“Early in my aikido career I was largely unknown in the dojo. I was the college kid who came stumbling in with dirty hair and smelling like coffee and cigarettes. I found the practice very interesting, but then one of the senior instructors noticed me and took me under his wing. He spent a lot of time training me, encouraging me and inviting me to walk with him down the path. I felt like I was getting more out of my practice than I was getting out of school. This instructor spun my world around, gave me the gift of drive and motivation. He helped me fall in love with training and the path. I learned that the basis of practice is relationships with people. I found a mentor.”

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Sep
15

Brian Kagen pick: “Midlife Lessons from Aikido,” By Nannette Matilac

“I marvel at the age-old wisdom inherent in the techniques, like the principle of the unbendable arm and the movement in strong beautiful circles, whether these are centrifugal or centripetal. Watching the black belts move with effortless grace reminds me of all the ninja TV series I watched from childhood. Blessed are those who are born to practice aikido – those who transform like superheroes on the mats. I know I can never be like them in this lifetime. Still clumsy even after a year of aikido practice, I found comfort in the fact that most of the black belts have been practicing for years, if not decades.”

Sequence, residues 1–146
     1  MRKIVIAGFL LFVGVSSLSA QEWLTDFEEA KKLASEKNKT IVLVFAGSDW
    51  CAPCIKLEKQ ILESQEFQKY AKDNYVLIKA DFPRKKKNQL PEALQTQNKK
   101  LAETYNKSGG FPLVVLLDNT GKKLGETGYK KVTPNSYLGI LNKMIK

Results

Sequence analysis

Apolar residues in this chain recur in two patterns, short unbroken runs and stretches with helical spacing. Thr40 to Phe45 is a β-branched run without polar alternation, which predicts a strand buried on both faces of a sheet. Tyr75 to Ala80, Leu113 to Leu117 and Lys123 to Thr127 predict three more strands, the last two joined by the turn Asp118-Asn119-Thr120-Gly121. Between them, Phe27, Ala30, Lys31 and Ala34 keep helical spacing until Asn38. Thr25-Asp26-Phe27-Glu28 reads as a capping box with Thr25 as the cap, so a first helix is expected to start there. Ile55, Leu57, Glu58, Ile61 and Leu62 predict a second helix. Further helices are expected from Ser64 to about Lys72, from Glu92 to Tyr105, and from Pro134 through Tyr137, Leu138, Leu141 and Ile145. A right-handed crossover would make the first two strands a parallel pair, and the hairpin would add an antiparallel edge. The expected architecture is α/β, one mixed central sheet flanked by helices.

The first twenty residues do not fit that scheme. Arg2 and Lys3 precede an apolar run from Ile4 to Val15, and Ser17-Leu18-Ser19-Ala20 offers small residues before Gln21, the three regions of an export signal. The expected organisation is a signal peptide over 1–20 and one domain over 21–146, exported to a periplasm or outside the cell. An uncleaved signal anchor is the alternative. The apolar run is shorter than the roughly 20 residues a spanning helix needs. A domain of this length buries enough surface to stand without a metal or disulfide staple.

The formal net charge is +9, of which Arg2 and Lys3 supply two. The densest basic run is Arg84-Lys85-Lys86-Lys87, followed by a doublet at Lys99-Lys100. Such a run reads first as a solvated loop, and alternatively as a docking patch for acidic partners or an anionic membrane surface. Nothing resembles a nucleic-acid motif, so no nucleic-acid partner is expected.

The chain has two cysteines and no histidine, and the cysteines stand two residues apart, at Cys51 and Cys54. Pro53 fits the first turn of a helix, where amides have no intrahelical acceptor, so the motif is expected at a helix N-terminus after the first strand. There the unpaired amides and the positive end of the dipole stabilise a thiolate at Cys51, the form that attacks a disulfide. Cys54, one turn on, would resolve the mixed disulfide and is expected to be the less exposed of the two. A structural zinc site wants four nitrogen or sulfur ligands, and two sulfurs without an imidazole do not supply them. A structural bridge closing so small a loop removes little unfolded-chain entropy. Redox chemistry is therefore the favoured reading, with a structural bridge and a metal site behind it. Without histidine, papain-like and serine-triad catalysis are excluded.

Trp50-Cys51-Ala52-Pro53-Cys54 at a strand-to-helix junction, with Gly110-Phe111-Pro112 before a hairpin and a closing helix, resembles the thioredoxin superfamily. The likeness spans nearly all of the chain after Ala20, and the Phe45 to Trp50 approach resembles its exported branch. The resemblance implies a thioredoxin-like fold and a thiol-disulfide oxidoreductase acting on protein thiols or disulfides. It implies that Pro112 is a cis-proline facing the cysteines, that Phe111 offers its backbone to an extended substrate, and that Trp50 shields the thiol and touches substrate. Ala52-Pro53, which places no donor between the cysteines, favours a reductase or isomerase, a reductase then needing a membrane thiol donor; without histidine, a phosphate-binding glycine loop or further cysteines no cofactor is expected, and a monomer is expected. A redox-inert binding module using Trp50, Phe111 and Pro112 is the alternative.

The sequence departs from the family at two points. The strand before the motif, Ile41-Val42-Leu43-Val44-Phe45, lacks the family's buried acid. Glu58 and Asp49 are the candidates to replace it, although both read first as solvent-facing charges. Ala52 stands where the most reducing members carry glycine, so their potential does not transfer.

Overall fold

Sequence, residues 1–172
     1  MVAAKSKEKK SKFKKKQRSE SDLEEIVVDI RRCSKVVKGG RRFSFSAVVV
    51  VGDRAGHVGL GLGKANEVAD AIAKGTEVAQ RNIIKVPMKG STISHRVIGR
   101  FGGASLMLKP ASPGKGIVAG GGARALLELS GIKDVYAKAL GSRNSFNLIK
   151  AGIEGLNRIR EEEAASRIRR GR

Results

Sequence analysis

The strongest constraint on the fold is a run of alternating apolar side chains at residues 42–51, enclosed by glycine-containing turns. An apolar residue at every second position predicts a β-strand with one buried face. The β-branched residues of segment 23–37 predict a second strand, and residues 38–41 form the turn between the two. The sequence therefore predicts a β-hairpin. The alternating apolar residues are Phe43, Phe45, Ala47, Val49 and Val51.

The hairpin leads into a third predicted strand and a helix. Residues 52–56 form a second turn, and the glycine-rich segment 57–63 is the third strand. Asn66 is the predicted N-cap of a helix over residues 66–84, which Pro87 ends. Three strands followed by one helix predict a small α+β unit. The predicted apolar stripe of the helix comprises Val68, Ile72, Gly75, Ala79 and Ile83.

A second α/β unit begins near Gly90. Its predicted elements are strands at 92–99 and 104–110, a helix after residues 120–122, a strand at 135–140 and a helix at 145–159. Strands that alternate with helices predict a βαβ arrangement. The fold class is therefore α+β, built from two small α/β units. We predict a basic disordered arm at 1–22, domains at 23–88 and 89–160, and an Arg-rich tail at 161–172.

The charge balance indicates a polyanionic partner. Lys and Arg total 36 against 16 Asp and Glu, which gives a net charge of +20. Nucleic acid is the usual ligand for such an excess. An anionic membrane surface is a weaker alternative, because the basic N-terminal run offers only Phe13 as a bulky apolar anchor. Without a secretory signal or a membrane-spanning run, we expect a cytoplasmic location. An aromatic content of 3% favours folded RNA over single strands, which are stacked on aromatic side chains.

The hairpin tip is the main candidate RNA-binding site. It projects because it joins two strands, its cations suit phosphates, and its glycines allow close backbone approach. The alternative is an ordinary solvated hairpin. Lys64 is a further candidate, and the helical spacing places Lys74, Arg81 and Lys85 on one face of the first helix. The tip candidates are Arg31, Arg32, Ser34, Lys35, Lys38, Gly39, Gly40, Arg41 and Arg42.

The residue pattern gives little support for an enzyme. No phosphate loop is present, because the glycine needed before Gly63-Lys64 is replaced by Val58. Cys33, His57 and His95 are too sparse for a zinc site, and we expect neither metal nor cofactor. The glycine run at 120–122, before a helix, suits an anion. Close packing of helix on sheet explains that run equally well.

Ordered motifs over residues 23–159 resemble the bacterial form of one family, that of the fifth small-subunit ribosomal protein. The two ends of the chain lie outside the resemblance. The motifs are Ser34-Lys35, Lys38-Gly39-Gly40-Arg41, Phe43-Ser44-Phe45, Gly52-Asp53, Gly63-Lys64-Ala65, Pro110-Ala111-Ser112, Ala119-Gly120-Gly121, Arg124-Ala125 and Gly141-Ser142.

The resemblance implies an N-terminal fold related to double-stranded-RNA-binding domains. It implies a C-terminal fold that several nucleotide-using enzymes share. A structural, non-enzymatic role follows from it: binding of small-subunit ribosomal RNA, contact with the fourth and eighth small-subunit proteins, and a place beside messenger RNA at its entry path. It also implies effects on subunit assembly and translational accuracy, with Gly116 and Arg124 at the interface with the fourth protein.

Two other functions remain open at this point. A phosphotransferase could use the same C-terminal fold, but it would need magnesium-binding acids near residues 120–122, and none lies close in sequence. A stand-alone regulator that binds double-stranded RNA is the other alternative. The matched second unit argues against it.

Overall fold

Brian Kagen is an avid web researcher with a particular interest in martial arts. His training background includes both judo and aikido. He has contributed hundreds of article links over the years for AJ readers.

Click here to read entire article.

Sep
15

“UNIVERSAL NEXUS,” by Will Gable

“In our practice of Aikido we are relying on a universal pole of connection of principles that while practicing them allow us to let go of our fixation on the horizontal linear consensus reality that seems to prevail in our common everyday interactions. Instead of stopping in the midst of an attack we maintain the principle of movement in relation to the momentum of the energy field that is moving towards us. Movement helps us release ourselves from the stagnation of static thinking which tends to lock one in place, again, principle transcends ego, and allows us to move beyond what the mind thinks it wants to do in relation to the situation upon us. We need to have reliance on the universal subconscious that spirit in its magnificent genius has bestowed upon us to collectively be able to learn many principles and simultaneously apply them without thinking to the situation at hand with continuous movement being at the forefront.”

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Sep
14

Recommended reading: “A Conversation with Daito-ryu’s Other Child” by Ellis Amdur